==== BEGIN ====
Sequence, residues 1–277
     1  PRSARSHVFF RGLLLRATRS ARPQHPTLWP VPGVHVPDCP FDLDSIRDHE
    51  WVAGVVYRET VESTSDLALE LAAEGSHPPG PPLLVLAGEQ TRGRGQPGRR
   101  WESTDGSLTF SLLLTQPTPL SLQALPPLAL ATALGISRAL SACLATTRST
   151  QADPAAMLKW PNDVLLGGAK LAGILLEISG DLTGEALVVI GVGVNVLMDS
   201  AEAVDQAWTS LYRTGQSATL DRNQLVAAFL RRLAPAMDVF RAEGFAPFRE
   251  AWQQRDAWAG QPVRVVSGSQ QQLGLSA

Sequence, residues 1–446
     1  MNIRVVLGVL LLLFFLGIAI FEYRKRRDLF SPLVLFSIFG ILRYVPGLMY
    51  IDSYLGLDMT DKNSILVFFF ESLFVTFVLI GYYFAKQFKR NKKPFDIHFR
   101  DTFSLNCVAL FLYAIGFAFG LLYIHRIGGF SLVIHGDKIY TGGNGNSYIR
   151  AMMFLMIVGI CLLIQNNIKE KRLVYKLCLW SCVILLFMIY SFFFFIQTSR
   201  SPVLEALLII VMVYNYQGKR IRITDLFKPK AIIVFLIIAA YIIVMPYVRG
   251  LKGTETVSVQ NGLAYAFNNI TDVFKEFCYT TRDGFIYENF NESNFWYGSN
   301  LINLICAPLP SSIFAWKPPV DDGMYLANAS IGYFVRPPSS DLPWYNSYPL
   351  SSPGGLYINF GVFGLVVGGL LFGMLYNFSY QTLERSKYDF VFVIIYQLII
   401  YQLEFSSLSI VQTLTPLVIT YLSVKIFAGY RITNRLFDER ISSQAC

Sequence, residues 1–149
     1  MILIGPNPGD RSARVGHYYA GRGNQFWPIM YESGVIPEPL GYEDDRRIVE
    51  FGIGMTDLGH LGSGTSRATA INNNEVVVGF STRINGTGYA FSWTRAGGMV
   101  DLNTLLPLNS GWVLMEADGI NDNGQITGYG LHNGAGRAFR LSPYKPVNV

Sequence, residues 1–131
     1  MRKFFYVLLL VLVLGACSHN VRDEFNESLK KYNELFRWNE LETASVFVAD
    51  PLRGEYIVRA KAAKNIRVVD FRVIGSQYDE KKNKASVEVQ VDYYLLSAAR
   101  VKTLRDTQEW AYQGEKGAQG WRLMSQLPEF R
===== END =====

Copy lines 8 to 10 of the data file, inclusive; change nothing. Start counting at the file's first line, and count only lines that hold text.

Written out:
Sequence, residues 1–446
     1  MNIRVVLGVL LLLFFLGIAI FEYRKRRDLF SPLVLFSIFG ILRYVPGLMY
    51  IDSYLGLDMT DKNSILVFFF ESLFVTFVLI GYYFAKQFKR NKKPFDIHFR